A retired military customer commissioned a 7 ft. long f18 fighter jet for his house in Waterbury, CT. This would be spending alot of time outdoors so I decided that epoxy resin over foam would be a good choice because it is weatherproof, lightweight, shapable and sandable…
We met together and discussed the details of the plane – decals, colors, functionality (clear cockpit that opens and wheels that work.)
I started by ordering a custom block of 2 lb. EPS Foam from a foam manufacturer in Hartford…
Then, using the reference photos, starting making cuts into the block with my chainsaws. Next, I move to a rasp and sandpaper to start shaping and smoothing the form. I use gorilla glue expanding foam glue to glue pieces together.
Once the form is done, the next step is painting on a thin layer of foam coat. This is a powder mixed with water that dries rock hard and seals the surface of the foam. This allows sovent based products like epoxy, body filler and spraypaint to be put on top of the foam.
After foam coat I started painting epoxy resin all over the plane with a brown filler to thicken the coat.
The resin does a nice job of self leveling, but doesn’t completely smooth out all the surfaces, so this is where body filler is used to finish smoothing. This process of epoxy, sand, epoxy, sand, epoxy, sand, filler, sand, filler is not a fast process. This plane took around 100 hours to complete.
This is my new assistant, Lucian. Lucian is a talented sculptor (a graduate from Lyme Acadamy of Art). He has had some great experience in the craft of glass etching, mold making and casting, modeling in clay…
finally, it was ready for the grey spray primer!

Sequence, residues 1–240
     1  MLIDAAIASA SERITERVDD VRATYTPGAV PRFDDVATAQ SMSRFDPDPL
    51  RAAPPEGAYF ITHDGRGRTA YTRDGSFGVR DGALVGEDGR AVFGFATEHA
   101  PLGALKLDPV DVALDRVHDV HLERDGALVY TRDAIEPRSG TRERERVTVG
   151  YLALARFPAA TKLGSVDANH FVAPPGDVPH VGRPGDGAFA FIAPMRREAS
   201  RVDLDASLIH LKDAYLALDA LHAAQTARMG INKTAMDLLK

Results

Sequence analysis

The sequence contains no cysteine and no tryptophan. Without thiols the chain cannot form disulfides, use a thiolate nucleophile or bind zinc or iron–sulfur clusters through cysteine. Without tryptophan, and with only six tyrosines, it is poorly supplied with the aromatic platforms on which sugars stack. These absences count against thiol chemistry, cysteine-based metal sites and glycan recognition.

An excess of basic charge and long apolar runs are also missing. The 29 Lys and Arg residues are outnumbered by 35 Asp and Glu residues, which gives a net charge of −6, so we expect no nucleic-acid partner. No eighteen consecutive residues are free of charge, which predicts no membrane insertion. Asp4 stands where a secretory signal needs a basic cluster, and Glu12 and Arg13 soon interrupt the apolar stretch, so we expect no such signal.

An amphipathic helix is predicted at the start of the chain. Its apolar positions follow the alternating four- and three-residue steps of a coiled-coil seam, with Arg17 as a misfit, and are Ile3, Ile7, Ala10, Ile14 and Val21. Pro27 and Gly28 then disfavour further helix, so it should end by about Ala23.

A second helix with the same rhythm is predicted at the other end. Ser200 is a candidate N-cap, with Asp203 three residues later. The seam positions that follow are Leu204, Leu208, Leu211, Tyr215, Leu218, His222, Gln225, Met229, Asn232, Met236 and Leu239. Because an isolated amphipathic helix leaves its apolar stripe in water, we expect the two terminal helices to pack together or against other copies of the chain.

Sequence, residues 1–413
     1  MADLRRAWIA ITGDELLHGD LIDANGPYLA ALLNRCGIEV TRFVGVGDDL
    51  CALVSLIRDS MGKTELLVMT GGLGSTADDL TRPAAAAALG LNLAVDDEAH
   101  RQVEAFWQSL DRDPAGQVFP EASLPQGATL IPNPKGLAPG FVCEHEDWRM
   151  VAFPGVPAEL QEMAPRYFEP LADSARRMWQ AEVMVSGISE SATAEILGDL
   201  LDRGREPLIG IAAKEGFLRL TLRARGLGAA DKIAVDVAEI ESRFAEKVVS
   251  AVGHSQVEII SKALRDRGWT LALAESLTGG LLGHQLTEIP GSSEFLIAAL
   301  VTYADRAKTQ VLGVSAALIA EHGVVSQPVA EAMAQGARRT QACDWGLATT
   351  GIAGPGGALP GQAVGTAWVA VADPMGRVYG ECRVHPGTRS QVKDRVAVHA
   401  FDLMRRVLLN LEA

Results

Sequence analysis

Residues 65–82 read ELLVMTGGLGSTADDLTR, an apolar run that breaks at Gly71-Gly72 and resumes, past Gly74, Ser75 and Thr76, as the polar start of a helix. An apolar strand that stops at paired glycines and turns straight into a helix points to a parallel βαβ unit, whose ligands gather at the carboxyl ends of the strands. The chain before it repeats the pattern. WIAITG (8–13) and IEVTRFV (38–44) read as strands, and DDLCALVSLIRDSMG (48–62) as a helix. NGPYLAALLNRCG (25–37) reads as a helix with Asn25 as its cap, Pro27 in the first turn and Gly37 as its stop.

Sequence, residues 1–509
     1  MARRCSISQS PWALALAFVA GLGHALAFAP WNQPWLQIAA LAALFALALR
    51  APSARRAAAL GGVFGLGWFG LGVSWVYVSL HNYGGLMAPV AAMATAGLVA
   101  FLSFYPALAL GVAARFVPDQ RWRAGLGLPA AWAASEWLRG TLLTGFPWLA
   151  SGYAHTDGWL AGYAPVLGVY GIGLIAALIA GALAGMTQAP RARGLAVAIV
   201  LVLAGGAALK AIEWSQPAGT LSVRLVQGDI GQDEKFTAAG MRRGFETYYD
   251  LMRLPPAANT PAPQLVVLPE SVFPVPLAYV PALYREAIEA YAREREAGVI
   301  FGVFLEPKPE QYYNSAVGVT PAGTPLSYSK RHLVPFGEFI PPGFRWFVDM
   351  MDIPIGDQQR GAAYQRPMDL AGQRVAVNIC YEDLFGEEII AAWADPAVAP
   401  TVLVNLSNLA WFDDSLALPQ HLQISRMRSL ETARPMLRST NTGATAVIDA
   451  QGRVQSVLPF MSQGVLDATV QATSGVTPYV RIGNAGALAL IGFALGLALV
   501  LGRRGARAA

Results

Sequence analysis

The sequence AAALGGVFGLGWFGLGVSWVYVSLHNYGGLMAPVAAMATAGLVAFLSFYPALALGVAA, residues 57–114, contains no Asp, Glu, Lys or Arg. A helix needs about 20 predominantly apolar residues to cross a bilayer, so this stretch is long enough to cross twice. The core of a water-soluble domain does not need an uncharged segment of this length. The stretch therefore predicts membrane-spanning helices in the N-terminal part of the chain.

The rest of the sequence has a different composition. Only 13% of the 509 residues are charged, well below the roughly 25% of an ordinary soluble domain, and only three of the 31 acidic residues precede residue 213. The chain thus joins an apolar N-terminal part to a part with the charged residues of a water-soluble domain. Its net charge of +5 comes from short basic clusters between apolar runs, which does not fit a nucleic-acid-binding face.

One of the major challenges of this project was creating a clear cockpit canopy. I started with a form made of foam, foam coat and body filler.
Next, it took about 10 tries to get a successful canopy. The process was to heat the oven to 250 F. Then put a thin sheet of clear plastic into a frame and set it in the oven for 2 to 5 minutes, then pull it out, set it on the form and use a plywood ring to push it down over the form. Many times the plastic got wrinkles. I experimented with 3 different plastics and 3 different thicknesses. I used youtube for inspiration and instruction. I attached a hinge to the back and velcro tabs to keep it closed.
I carved a wooden rod on the lathe and used smaller rods, missiles, bombs and fuel tank. I used epoxy and super glue to attach them.
The next big challange was to figure out how to create functional wheels with the look of landing gear and in the same size proportionally. Rollerblade wheels fit the bill. I took aluminum u channel and aluminum rod and sunk them deep into the plane through an embedded wood block and layers of epoxy resin. I took epoxy clay and wires to create the look of landing gear and finished them with a coat of black paint.
Finally, the final coat of gray primer and clear coat and the decals are ready to put on. I designed some decals with Photoshop and brought them to the local sign shop to be made into high grade vinyl stickers…
Finally, 100 hours later (It took most the month of April!) It was ready to deliver…. Yeah!!!!
Here is it’s final location on the small airplane strip in the customers yard…
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“Seek ye first the Kindgom of God and His Righteousness and all these things will be added unto you.” Mathew 6
What a powerful and wonderous conditional promise from God. Let us press on in obedience so that we may experience the full measure of His promise.